Cheap is a relative term, especially in some Seattle neighborhoods. Laurelhurst is one of them. If you can afford to buy a home for a million dollars, that's probably not going to be enough, especially once you factor in taxes, fees, and the rest. Still, if you can afford to go higher, we've found some "cheap" options for you.
It started life as, something, in 1928; but a massive remodel in 1963 turned this house into a 6 bedroom, 4 bathroom Northwest Contemporary. Maybe they left a part of the foundation untouched. The mid-century exhibit is now a 4,220 square foot slice of the Kennedy era, with upgrades of course. An apartment, a library, and a workshop expand the space beyond beds and baths. They're asking $1,198,000; and close the listing description with an interesting side note about rolling up your sleeves and calling your architect. Maybe there's a clause that requires a major remodel every half-century or so.
Remodeled in 1999, this house's 1947 origins are probably hidden as well. Now, it looks like a much more modern building. An aerial view suggests there are solar panels on the roof, a very modern item in deed. Inside, it is a 6 bedroom, 4 bath, 4,210 square foot house with views of the lake and the mountains. It all fits on a 5,201 square foot lot that slopes away and minimizes the chance of visual obstructions. At $1,750,000, you get to enjoy that view, or relax on a garden patio because there isn't much lawn to mow.
If you're going to have a manicured lawn, manicure it a bit more, poke a hole in it, and call it a putting green. This 1938 Colonial still looks like a Colonial. That's a welcome change. It, too was renovated, back in 2001. Many 5 bedroom homes look like a master with 4 guest bedrooms, but these bedrooms were playfully painted and decorated for the younger members of the family. There are 4 bathrooms, so there may be some sharing. Only one row of houses separate this 5,000 square foot property from the water. Now, all they need is to separate $1,848,000 from a buyer.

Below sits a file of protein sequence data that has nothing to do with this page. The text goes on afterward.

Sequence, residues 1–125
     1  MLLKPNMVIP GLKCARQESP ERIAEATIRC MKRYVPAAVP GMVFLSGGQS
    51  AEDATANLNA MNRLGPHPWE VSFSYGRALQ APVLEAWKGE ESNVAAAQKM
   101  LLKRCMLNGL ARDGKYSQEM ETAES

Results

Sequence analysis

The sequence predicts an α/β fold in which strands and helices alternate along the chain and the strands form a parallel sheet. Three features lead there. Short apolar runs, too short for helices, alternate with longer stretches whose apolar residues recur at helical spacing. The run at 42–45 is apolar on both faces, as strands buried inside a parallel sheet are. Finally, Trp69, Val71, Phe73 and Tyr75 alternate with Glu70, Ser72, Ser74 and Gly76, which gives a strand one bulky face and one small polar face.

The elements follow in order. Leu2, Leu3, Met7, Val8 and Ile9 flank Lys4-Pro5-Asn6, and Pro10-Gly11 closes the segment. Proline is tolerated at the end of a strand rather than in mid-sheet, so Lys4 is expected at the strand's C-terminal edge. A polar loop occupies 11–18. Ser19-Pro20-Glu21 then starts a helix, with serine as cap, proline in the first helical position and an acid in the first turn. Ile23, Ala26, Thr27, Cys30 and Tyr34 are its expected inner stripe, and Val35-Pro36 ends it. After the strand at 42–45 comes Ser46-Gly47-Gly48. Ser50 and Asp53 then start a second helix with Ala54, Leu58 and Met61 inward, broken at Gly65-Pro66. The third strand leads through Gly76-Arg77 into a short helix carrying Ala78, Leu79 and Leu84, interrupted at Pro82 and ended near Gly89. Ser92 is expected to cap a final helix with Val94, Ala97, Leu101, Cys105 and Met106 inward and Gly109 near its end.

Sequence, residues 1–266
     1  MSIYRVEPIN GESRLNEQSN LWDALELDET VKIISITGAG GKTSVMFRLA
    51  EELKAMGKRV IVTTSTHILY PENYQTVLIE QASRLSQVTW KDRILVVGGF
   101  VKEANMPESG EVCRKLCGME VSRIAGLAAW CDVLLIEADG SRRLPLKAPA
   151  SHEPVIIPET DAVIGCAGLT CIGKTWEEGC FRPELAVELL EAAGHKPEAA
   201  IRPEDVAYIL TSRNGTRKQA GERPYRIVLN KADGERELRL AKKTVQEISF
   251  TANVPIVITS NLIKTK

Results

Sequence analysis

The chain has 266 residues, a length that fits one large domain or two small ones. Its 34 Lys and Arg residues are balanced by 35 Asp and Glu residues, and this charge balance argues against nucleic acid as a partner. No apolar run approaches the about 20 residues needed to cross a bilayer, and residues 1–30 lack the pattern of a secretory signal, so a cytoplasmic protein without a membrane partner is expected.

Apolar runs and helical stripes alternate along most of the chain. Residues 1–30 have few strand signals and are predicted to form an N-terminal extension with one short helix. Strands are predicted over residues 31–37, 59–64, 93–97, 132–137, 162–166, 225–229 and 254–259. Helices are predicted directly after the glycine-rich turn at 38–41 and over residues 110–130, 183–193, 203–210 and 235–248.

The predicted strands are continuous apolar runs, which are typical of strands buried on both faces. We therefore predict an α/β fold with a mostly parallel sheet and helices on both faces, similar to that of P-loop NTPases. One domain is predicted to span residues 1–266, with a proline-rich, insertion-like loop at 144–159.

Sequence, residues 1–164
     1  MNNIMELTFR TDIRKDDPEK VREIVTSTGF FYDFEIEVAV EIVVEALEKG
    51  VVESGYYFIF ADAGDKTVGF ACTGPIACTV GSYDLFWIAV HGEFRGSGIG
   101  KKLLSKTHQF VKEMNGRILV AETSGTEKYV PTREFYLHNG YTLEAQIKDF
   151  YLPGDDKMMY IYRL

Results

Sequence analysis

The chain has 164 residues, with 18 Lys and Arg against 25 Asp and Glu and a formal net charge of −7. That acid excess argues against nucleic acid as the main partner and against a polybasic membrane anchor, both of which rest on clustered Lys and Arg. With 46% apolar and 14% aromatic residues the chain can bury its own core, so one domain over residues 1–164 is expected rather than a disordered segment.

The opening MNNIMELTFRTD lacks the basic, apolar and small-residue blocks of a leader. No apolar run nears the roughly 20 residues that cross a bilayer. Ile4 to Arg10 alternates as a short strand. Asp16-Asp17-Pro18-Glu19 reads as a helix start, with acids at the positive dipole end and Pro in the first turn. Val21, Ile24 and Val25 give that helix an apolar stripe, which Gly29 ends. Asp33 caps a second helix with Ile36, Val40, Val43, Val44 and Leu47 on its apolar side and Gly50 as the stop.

Here's a 1929 brick Tudor which had its heritage preserved by a renovation rather than a remodel. Get inside and find arches between rooms and period fixtures; as well as lighting, a bathroom, and a kitchen that would've been impossible back then. The house houses 4 bedrooms and 4 baths in 3,770 square feet. The 4,399 square foot lot is farther back from the water than most houses, but a broad patio can be a good enough location for parties. Old world (by Seattle standards) charm for the very modern price of $1,895,000.
The oldest of the five (built in 1921) is also the most expensive of the five ($2,325,000), though certainly not the most expensive in the neighborhood. The 4 bedroom, 3 bath Craftsman has 3,650 square feet inside and sits on a larger than the others, 9,872 square foot lot. It's character remains. The fireplaces are from an era when they weren't just for ambiance. Top floor rooms have angled ceilings where they used every space an efficiently as possible. It is a house built for families, with two ovens and two dishwashers. One innovation that is probably a typo is the laundry shoot between the children's bathroom and the laundry. Shooting dirty clothes around the house sounds like fun, but it's probably a more boring laundry chute. Take a tour to make sure.
· 5010 NE 52nd St [Zillow]
· 4543 52nd Ave NE [Zillow]
· 4311 55th Ave NE [Zillow]
· 4712 NE 40th St [Zillow]
· 3504 W Laurelhurst Dr NE [Zillow]